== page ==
Moving on, as a Retina display Apple offers a range of scaled (virtual) resolutions, with the MacBook’s default resolution serving as a HiDPI version of 1280 x 800. The fact that the scaled resolution is not exactly one-quarter of the display’s physical resolution is an unusual first for an Apple device, but considering the size of the display and power requirements, not to mention the similar PPIs to the rMBPs, I suspect 1280 x 800 scaled on a 2304 x 1440 display was a tradeoff. In any case even without perfect 2:1 scaling Retina-enabled applications look great, and now nearly 3 years after started on Retina in the OS X ecosystem, the number of applications without Retina support are thankfully miniscule.
As far as desktop performance goes, we haven’t found any major problems for the MacBook’s Intel HD Graphics 5300 GPU. Even with Core M’s power limits it doesn’t show any issues holding 60fps at the default virtual resolution of 1280 x 800, though I would not suggest going any higher unless it’s necessary.
Finally, let’s take a look at the MacBook’s display by the numbers. From a design perspective Apple is shipping a pro-quality display, but does the out of the box performance match up with Apple’s high standards?
Compared to our most recent MacBooks, the 2015 MacBook delivers contrast performance similar to the Retina MacBook Pros, which is not all that surprising given the shared pixel densities and use of IPS panels among all of these products. Somewhat surprisingly, even with the MacBook’s more limited battery capacity Apple allows the max brightness to go up to 346 nits, in-line with the better-fed rMBPs. At this max brightness setting the black levels work out to 0.33, identical to the 2012 rMBP13. Overall Apple’s black levels tend to be better than average but not fantastic, and the MacBook doesn’t change this.
Otherwise this puts the final contrast ratio at 1046. This is fairly common for HiDPI IPS displays, and though it isn’t chart-topping it’s again right in line with what other Apple laptops do.
Moving on to accuracy measurements, the MacBook’s greyscale accuracy can’t quite touch the rMBPs, but otherwise at an error of just 2.34 it’s still among the best laptop displays. Even among great PC laptops, out of the box performance below 3 is exceptionally rare.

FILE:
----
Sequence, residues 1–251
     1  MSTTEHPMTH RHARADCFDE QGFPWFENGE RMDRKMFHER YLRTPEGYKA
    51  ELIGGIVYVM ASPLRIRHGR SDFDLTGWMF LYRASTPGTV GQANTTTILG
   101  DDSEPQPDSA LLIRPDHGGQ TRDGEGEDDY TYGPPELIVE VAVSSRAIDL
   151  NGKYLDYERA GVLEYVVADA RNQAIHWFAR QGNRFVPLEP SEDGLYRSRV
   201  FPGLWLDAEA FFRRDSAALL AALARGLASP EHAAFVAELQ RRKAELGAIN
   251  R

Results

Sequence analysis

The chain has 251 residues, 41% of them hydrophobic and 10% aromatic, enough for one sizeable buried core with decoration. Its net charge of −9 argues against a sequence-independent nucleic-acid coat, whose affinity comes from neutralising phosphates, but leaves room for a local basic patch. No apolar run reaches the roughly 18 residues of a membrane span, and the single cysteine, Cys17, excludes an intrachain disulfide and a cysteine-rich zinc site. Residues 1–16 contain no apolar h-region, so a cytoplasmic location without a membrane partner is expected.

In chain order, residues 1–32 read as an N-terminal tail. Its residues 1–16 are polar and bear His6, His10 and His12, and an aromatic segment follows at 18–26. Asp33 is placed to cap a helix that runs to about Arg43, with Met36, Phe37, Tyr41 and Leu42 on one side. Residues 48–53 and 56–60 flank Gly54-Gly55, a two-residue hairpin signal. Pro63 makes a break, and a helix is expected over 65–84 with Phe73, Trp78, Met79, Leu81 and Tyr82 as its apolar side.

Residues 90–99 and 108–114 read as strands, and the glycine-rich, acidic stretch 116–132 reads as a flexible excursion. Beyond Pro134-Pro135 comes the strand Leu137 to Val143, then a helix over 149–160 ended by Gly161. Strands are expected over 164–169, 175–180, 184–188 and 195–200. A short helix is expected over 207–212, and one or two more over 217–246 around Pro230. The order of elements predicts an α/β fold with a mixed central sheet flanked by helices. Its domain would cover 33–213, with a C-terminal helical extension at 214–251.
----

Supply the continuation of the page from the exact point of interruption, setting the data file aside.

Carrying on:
On the other hand the MacBook’s white point is not quite as good as we’d like to see, and not as good as what the rMBPs can do. The goal here is 6504; the MacBook hits 6828, reflecting the fact that it’s just a bit too red and just a bit too light on blue.
Meanwhile the MacBook’s color saturation accuracy is nothing short of amazing. Here it beats even the rMBPs, not to mention easily surpassing the MBAs and their TN displays. Even though it’s a bit too red, the MacBook is close enough for great out of the box performance.
Similar to saturation accuracy, gamut accuracy is well in the MacBook’s favor. Once again even the rMBP we have on file is well behind, never mind the MBAs.
Finally, the GMB color checker results continue to be well in the MacBook’s favor. The error of 1.97 is once more better than any other Mac we have tested, and overall a great place to be at, especially for out of the box performance. Overall this reiterates the fact that while the MacBook may not be classified as a Pro, it without a doubt packs a Pro display.
With post calibration it’s almost certain we could get the errors on the MacBook down to below 1.0. But with such great out of the box performance it’s difficult to complain. Other than for color-critical work, this is a near-perfect reproduction of the sRGB color space.